Who were the most famous men in the world during the 19th century?

Feb 2011
The Duke of Wellington was of European celebrity status in 1832. He had been of such status since 1815 and had recently been Prime Minister. His status remained so until his death in 1852.
Feb 2019
I don't think people are answering in chronological order. I think they are nominating people they think were very, very famous anytime between 1832 and 1914, in the hope that eventually a chronolgical list will be determined.
Ok, so probably out of all the peeps mentioned for 1832, it would be between Wellington, Babbage, and Metternich IMO! Let's settle this one so we can move on to the next :)
Likes: Futurist
Jun 2017
I was reading a quote from Ronald Bottrall stating that after Napoleon's death, Goethe and Lord Byron became the 2 most famous men in Europe and it got me thinking. Let's say between Goethe's death(1832) and the start of WW1(1914), who were the most famous men in the World? I picked WW1 because mass-media in the form of cinema and radio started to spread from that point on. And it's interesting to see what great figures were most renowned before the emergence of pop-celebrities.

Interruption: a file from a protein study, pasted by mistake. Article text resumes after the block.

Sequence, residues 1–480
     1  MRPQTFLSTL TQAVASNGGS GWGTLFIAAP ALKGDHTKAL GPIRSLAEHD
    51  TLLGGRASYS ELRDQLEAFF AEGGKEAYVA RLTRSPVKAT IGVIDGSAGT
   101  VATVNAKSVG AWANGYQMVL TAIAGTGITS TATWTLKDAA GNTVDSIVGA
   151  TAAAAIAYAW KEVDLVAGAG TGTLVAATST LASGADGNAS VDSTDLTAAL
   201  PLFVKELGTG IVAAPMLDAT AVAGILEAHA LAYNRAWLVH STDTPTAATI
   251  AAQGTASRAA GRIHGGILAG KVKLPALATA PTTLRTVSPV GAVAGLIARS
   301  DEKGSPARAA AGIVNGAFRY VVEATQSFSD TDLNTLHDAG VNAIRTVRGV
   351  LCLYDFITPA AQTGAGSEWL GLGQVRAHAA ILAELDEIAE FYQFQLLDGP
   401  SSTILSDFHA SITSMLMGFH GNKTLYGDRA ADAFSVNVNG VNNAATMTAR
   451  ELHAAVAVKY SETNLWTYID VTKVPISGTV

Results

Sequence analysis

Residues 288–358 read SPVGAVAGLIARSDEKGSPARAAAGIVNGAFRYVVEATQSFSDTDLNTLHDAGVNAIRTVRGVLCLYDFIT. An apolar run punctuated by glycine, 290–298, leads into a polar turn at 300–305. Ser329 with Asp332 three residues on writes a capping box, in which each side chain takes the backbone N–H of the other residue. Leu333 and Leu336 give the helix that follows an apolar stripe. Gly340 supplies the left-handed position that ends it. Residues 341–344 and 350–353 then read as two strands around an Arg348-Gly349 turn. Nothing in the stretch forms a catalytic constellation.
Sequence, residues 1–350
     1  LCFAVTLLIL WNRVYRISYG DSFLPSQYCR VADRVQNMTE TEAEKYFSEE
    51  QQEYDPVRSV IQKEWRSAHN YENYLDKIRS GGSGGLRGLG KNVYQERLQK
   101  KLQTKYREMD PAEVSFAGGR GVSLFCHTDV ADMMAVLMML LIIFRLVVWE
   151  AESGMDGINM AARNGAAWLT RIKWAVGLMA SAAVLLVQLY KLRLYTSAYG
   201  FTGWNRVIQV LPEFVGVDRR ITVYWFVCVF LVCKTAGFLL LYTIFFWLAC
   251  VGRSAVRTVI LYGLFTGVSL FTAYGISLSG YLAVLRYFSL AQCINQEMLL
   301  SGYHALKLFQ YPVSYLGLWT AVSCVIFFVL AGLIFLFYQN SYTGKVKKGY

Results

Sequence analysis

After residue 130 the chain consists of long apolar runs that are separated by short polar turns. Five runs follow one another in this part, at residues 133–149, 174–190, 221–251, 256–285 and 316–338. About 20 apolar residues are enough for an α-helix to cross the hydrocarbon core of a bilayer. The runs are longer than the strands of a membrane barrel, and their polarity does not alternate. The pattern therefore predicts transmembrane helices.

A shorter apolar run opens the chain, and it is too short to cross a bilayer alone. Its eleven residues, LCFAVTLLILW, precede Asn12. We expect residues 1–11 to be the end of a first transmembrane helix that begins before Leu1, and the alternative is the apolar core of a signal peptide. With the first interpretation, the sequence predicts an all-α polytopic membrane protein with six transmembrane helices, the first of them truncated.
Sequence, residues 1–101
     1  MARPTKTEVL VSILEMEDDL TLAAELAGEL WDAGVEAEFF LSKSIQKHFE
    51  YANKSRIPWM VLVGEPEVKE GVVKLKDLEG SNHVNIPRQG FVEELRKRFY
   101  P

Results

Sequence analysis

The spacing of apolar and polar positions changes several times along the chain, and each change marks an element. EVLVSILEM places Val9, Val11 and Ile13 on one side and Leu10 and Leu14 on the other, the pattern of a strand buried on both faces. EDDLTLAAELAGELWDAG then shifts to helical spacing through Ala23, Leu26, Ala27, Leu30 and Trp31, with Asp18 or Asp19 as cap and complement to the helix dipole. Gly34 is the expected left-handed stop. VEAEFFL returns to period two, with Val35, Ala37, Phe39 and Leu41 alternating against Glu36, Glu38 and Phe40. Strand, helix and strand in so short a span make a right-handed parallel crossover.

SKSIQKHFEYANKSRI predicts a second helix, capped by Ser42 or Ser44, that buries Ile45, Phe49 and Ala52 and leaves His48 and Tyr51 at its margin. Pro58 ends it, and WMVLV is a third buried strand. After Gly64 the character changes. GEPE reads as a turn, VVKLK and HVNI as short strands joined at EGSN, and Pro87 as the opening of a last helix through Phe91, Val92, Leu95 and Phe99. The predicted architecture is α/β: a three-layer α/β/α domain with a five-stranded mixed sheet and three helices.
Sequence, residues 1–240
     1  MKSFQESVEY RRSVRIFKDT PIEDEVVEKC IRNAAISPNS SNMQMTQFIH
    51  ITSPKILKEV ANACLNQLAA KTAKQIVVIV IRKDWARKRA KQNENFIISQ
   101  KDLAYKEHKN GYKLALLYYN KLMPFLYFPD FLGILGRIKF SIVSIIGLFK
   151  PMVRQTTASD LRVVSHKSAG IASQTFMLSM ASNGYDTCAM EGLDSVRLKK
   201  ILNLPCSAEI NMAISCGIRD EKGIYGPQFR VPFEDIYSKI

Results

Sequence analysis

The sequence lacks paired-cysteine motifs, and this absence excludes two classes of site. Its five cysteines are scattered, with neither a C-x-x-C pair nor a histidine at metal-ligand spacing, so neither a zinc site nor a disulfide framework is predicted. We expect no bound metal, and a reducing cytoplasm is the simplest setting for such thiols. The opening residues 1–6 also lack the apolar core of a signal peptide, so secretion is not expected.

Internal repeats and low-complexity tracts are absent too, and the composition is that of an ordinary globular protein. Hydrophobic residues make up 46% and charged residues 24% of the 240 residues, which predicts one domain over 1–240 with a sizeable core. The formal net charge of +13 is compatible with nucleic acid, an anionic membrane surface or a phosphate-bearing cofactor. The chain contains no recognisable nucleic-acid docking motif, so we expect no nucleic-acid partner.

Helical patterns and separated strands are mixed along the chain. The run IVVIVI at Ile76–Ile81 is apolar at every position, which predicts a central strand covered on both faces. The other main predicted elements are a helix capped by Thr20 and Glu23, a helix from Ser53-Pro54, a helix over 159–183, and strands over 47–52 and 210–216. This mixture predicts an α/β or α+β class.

A few possible options: Charles Darwin, Thomas Edison, Abraham Lincoln, Otto von Bismarck, Giuseppe Garibaldi, Franz Joseph I of Austria, Graham Bell, Nietzsche, and I'm not very knowledgeable regarding the history of car industries but maybe Henry Ford was already huge pre WW1?

I think none of the above was at peak reputation by 1832 though. Who would be a good example as a successor of sorts for Goethe? Maybe Charles Babbage? And am I off the mark with any of these men?
In the US pre Civil War it would be the trio of Clay, Webster and Calhoun. Post Civil War it would likely be Grant. Captains of industry certainly picked up fame later on in the Gilded Age, not sure if Vanderbilt or Rockefeller had the fame early on. If I had to pick most famous politicians it would be Blaine and William Jennings Bryan. Marconi was very famous at the time of the Titanic sinking, he was viewed in the way a Mark Zuckerburg would be today. Enough so were when the operator met him it resembled a modern day celebrity/fan interaction. Darwin maybe I think he got more popular in the 1920s. It's hard to distinguish relevance today and relevance at the time.

Outside of the US and UK, while economically the world has changed, socially was still set up largely as was in the feudal period and that period mainly saw celebrities among the nobility(who were originally the fighting class though that started to change) and then the military.

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